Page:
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News & Opinions

Monday, October 12, 2009

One Attorney's Opinion

“My attorney is a fighter. He always fights to the last dollar of my money!” (Anonymous)

From the first day of law school attorneys are trained to be zealous advocates. By nature, attorneys are competitive. We fight to win, to achieve our client’s goals by besting the other side. Frankly, our clients look to us to be the combatants in the ring, championing their cause and advancing their interests. Our clients want us to go after the other side without pity or remorse.
 
But are we really serving our client’s interests by aggressively litigating? Should our focus instead be on solving our client’s problems by other means? In other words, should we look for alternatives to fighting and resort to legal combat only as a last resort?
 
By asking the questions I am also supplying my answers. Now, I like a good fight. It starts the adrenaline flowing and enlivens the practice of law. In addition I have no objection to earning legal fees from litigation; they can be quite good. But sometimes I think I better serve my clients by counseling them regarding why litigation is not always the best approach to resolving their legal problem.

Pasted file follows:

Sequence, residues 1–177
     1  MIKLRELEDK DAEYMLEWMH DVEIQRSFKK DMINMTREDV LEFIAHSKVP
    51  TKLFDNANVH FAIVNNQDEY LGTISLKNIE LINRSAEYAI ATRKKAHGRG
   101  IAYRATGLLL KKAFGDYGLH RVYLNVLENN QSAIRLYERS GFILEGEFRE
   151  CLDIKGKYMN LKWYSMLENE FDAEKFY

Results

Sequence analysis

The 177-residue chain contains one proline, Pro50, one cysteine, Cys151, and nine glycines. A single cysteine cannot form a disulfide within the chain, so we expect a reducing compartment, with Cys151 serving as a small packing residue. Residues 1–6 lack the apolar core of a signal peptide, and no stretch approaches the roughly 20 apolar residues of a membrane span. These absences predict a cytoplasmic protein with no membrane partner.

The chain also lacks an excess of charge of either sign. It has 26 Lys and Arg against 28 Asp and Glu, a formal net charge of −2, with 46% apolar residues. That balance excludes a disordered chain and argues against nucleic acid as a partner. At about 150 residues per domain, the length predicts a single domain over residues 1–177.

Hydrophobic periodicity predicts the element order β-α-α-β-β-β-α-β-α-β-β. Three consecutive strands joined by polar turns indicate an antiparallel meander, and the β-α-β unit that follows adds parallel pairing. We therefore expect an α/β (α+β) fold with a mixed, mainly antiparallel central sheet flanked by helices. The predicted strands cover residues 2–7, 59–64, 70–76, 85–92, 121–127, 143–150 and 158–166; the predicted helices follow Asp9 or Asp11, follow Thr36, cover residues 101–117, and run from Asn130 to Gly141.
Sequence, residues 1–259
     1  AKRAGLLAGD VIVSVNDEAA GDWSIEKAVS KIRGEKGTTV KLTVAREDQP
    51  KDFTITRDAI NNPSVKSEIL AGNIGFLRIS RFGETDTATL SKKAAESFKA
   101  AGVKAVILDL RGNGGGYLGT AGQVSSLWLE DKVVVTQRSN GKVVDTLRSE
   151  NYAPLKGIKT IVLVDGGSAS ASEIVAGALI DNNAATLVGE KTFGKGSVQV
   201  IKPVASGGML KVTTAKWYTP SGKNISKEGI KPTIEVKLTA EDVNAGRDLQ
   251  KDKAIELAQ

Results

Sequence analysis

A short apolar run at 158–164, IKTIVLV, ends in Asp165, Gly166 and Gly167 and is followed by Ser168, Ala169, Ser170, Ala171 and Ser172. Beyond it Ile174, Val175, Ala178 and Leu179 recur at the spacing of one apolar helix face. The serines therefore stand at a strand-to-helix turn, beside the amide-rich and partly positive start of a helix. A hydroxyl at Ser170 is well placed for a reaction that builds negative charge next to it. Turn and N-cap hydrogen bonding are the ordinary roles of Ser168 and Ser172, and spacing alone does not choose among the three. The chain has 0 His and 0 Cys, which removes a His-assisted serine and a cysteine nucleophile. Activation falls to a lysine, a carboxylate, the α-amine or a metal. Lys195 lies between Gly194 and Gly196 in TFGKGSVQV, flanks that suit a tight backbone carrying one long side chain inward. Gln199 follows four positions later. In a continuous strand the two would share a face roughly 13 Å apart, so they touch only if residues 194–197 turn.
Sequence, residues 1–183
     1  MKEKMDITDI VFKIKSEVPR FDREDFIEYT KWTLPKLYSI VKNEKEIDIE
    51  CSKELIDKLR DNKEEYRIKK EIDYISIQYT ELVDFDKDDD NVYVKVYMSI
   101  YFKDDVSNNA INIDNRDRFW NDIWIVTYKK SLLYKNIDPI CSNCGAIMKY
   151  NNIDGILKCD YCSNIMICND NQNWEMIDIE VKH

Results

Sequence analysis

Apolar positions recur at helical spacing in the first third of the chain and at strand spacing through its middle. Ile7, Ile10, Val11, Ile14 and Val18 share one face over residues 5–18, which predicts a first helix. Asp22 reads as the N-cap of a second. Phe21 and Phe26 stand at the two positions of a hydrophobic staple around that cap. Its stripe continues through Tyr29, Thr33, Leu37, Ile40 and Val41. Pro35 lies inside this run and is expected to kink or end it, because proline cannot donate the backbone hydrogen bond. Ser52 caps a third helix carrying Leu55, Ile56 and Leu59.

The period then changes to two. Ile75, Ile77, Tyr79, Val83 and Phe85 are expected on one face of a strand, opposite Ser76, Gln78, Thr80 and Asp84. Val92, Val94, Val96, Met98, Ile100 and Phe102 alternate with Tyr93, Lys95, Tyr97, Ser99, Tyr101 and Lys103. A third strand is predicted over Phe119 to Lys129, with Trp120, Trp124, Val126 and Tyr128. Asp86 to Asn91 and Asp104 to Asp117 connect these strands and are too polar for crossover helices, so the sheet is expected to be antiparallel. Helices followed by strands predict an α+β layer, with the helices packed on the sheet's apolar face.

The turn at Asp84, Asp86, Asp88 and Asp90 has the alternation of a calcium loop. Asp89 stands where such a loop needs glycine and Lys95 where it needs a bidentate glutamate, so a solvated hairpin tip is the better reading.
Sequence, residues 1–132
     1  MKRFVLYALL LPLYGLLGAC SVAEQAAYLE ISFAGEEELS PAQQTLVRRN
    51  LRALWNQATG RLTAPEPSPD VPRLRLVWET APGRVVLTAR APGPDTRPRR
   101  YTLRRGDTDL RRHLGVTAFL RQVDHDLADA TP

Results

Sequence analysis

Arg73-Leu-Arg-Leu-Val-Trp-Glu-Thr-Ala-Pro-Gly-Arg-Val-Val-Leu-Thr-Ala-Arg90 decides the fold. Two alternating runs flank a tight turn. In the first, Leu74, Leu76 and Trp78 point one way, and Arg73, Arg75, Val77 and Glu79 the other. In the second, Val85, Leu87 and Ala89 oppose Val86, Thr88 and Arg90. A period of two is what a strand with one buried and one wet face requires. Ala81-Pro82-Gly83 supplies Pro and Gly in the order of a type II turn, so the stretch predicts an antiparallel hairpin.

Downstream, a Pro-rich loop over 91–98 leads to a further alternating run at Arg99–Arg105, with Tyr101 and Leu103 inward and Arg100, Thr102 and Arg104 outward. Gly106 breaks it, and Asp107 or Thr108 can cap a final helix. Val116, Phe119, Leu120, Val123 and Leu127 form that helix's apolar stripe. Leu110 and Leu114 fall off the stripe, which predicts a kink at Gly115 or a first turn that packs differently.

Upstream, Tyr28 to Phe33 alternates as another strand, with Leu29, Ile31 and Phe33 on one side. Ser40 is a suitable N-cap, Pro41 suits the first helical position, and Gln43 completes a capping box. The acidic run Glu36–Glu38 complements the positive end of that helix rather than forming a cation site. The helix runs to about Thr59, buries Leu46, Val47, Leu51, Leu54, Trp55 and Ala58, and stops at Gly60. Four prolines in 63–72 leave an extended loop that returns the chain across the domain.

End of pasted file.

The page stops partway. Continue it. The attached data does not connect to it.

Obviously, the decision to litigate is fact dependent and sometimes litigation is undertaken to make a point rather than achieve a specific objective. However, too often clients authorize litigation without truly understanding both the monetary and the psychological costs involved.
 
I view my role as an attorney to be an advocate, a counselor and an advisor. The advocate role is well understood by clients. The counselor and advisor roles are not.  In my experience, a good counselor is one who can help the client look at alternative means to achieve the desired end. The advisor then evaluates the alternatives, provides the client with his or her professional advice on the best strategy to employ, and often guides the client to make the most appropriate decision. These roles are not as much fun – and may not be as financially rewarding to the attorney – but they go to the fundamental service we provide, which is to help our clients resolve their legal problems.
 
While we are taught to be zealous advocates, perhaps we serve our clients best when we serve them least. Litigation is not the first strategy and frequently not the best alternative.

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